Addresses Climate Change and Strengthens Community Resilience  

The budget proposal includes funding across every federal agency to advance clean energy and reduce greenhouse gas emissions across sectors, invest in pre-disaster mitigation to strengthen infrastructure and reduce the risk of extreme weather events, and advance environmental justice within the communities most impacted by climate change. The President’s proposal includes critical funding for programs under the U.S. Department of Energy’s State and Community Energy Programs, such as $437 million for the Weatherization Assistance Program, but it does not include funding for the Energy Efficiency and Conservation Block Grant (EECBG).  

Supports Transportation Projects  

Only some federal transportation programs require budget appropriations. However, many key programs for cities are included in the budget such as large multimodal programs like the Rebuilding American Infrastructure with Sustainability and Equity (RAISE) grant program, transit capital, technical assistance funding and more.   

The President’s Budget requests $1 billion, along with $640 million in advance appropriations, to support larger intermodal projects that will grow freight and passenger demand in a responsible, effective and safe way. The budget also includes $100 million for the new Thriving Communities program to provide technical assistance and capacity building for local infrastructure projects, as well as $100 million for the Reconnecting Communities Pilot Program.  

Additionally, the budget recommends $1.8 billion for the Promoting Resilient Operations for Transformative, Efficient, and Cost-saving Transportation (PROTECT) program, which aims to make transportation infrastructure more resilient to future weather events and natural disasters.  

The Federal Transit Administration recommended level is $17 billion total, including $2.9 billion for Capital Investment Grants (along with the $1.6 billion in advanced appropriations), $14 billion in transit formula funds and several proposals to address transit agencies’ anticipated fiscal shortfalls in the coming years due to COVID changing transportation patterns for commuters.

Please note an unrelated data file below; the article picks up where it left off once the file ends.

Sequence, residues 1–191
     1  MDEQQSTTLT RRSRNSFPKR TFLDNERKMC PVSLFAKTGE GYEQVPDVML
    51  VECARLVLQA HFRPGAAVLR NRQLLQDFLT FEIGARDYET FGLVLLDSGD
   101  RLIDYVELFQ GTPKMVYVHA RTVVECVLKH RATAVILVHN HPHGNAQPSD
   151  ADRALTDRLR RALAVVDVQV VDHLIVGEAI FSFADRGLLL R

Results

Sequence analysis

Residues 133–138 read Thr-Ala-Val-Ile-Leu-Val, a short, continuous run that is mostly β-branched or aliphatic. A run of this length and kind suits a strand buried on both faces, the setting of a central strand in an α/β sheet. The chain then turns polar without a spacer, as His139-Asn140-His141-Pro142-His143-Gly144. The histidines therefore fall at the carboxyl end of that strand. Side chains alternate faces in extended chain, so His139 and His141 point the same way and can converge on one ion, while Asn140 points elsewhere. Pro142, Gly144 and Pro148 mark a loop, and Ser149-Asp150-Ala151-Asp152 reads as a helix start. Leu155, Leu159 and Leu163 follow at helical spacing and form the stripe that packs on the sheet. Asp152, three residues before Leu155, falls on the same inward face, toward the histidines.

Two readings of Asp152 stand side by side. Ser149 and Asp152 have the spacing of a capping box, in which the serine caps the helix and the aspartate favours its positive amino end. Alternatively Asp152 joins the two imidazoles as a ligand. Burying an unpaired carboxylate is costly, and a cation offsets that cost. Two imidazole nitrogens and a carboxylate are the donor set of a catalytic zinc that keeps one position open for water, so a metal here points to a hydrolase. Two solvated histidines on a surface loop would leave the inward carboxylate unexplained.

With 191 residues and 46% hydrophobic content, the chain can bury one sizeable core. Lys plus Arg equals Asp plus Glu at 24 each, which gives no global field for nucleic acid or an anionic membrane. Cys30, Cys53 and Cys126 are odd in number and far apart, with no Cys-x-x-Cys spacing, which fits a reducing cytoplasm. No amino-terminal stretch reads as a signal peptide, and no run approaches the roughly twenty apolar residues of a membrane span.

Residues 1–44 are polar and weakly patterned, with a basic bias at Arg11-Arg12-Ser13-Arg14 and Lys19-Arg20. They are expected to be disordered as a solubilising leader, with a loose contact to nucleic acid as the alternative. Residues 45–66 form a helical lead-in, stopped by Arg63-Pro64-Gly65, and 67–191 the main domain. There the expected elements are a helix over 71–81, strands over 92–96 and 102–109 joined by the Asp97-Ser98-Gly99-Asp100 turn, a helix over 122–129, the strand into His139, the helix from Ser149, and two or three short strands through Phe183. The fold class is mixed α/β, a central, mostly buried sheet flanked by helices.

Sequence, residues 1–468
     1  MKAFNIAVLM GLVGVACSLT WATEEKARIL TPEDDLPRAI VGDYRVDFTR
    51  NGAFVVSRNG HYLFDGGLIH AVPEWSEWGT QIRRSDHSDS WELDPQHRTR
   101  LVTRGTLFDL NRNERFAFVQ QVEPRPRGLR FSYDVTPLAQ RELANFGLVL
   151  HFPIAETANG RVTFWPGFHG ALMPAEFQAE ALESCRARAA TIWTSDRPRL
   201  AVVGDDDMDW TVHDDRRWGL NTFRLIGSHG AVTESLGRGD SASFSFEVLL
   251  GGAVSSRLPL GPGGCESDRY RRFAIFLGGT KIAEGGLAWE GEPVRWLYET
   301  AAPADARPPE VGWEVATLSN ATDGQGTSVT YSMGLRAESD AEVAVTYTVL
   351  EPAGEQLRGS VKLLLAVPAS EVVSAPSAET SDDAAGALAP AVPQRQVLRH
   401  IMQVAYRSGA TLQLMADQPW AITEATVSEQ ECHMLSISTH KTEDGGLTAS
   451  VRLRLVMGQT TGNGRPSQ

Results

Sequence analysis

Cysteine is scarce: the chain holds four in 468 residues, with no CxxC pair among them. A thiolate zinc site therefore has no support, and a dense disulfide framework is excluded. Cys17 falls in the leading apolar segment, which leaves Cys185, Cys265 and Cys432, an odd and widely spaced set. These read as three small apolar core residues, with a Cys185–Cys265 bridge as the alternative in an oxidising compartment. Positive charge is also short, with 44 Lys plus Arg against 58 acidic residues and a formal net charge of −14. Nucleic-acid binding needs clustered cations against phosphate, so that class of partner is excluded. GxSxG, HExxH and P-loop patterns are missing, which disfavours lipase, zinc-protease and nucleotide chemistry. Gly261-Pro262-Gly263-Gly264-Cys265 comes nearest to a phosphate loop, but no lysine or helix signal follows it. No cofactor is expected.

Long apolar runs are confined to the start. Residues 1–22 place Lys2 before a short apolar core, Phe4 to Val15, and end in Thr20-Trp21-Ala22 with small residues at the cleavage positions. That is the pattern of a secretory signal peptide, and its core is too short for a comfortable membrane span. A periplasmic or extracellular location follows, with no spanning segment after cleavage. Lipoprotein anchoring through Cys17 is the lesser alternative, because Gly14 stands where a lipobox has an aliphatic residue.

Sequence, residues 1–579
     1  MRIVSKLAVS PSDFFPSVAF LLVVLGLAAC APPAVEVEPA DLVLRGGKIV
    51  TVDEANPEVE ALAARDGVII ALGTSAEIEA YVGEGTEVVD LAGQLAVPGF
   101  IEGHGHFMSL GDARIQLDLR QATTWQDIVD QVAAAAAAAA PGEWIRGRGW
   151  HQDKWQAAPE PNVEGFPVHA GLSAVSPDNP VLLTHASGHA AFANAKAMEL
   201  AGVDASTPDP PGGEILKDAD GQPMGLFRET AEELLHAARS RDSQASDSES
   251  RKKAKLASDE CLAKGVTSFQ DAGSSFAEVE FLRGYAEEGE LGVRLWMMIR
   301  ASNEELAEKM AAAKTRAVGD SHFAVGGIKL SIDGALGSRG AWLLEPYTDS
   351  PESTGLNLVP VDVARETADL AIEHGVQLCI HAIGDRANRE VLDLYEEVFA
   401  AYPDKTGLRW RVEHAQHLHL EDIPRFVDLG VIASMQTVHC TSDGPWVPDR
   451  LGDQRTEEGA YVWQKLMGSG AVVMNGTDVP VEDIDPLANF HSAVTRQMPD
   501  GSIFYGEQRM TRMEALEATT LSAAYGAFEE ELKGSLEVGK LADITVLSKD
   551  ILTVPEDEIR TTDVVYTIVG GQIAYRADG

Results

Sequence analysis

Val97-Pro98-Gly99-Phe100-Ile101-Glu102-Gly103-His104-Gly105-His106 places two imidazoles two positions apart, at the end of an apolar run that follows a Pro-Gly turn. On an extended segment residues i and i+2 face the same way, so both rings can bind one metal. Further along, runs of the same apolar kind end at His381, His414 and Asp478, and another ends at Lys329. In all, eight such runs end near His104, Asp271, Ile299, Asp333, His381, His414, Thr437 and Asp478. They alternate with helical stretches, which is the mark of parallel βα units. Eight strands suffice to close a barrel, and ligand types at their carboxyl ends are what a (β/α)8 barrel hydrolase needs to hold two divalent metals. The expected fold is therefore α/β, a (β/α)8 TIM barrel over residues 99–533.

Finally, Charging and Fueling Infrastructure Grants would provide $500 million to strategically deploy publicly accessible electric vehicle charging infrastructure and other alternative fueling infrastructure. Fifty percent of this funding prioritizes projects that expand access to electric vehicle charging and alternative fueling infrastructure within rural areas, low-and moderate-income neighborhoods, and communities with a low ratio of private parking spaces. For additional insights see the U.S. Department of Transportation’s  Budget Highlights. 

Supports New Annual Funding for Eviction Alternatives and Prevention 

The budget requests an incremental 1.6% increase for discretionary programs at the U.S. Department of Housing and Urban Development (HUD), with the majority of additional funds supporting homelessness assistance and prevention programs and programs to preserve and increase the supply of affordable housing. The budget also requests support for new mandatory spending within the HUD budget.